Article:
I was running a medical clinic during reservist training to prepare servicemen for medical boards to have them downgraded. They came with various letters from specialists, and my advice was to get a scan done, so that one can have irrefutable proof of the injury, and the case would be watertight. Otherwise, the claim can be challenged and no conclusion can be made. And this was important as the medical board of the Singapore Armed Forces has a large volume of cases to clear and waiting time for appointments is long, and one doesn't really want to waste any opportunities, because the next may be long in coming.

It used to be that when one gets admitted to the hospital for severe right lower abdominal pain, if the conditions are right, a clinical diagnosis of acute appendicitis is made and the appendix is removed. Then, a negative appendicetomy rate of 30 per cent was the norm.

In today's context, one would get a CT to have irrefutable proof of appendicitis before surgery is performed.

Of course, not every study is diagnostic and not every right-sided lower abdominal pain needs surgery. One could have an inflamed colon that is also residing in the vicinity of the appendix which presents similar signs and symptoms, or a stone in the ureter or even a gynaecological problem if you were a lady. And these may be differentiated on the CT.

And not all negative studies are without value. There was a lady who came to see me recently, who complained of a lump in the thigh when her hips and knees were flexed, and this was giving her some discomfort.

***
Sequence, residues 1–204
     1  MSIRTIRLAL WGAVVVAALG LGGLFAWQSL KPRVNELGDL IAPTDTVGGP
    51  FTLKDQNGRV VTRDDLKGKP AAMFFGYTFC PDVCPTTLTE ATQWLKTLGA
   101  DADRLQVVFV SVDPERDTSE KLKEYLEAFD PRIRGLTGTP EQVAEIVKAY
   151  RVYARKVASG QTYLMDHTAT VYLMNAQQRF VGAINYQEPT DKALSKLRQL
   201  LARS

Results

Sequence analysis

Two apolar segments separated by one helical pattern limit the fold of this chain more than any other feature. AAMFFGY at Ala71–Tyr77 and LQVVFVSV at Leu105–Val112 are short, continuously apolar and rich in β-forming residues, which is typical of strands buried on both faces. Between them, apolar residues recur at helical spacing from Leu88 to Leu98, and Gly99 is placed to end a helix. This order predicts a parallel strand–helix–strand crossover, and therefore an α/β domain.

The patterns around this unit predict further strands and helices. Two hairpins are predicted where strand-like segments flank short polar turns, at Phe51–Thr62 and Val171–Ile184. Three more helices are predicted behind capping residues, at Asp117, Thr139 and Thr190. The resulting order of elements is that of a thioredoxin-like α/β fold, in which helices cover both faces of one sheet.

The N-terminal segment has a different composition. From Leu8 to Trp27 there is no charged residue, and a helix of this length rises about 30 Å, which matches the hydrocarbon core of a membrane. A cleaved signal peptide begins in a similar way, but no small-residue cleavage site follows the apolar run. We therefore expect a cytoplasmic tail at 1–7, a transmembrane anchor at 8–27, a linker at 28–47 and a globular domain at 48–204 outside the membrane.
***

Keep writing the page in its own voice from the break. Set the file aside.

She was an active tennis player and this problem had prevented her from playing for some months and she had been quite vexed by the problem for the past six weeks. An ultrasound was requested initially and I managed to convince her to get an MRI instead as this would be the definitive evaluation of choice.

As in, if the injury is not evident on ultrasound, it may not mean that there is no problem, but just that the ultrasound does not show it. However, if there was no abnormality seen on the MRI, it would mean that there is no series organic injury and she could go on to physio and actively work the muscles to get the tone and function back again. She agreed to the advice, and the scan was unremarkable and she has gone back to rehab to get fit again.

Improving outcomes

Practice has indeed changed, and I think for the better. With more safeguards in the system, one can make better clinical decisions and have improved outcomes. One would get a CT angiogram before coronary artery stenting, to determine if the catheter angiogram is even necessary. And although a clinical scan can diagnose acute appendicitis accurately, I would prefer a CT before I am operated on.

In a recent symposium, the head of a busy A&E department in the US was asked what was the indication of an urgent head scan for headache. His response was that it was for those who have a neurological abnormality, and also for those without. In other words, everybody would be scanned.

Therefore, in this day and age, "evidenced-based medicine" can be costly, but can you do without it? Would you want to be operated upon without irrefutable proof?

With a better educated population, the demand for bigger, better and faster is inevitable. So the next time you see an expensive bill, ask what has been done. However, don't ask if it was necessary for the scan to be obtained to reach the conclusion. That would require an even longer response

This series is produced on alternate Saturdays in collaboration with Singapore Medical Specialists Centre.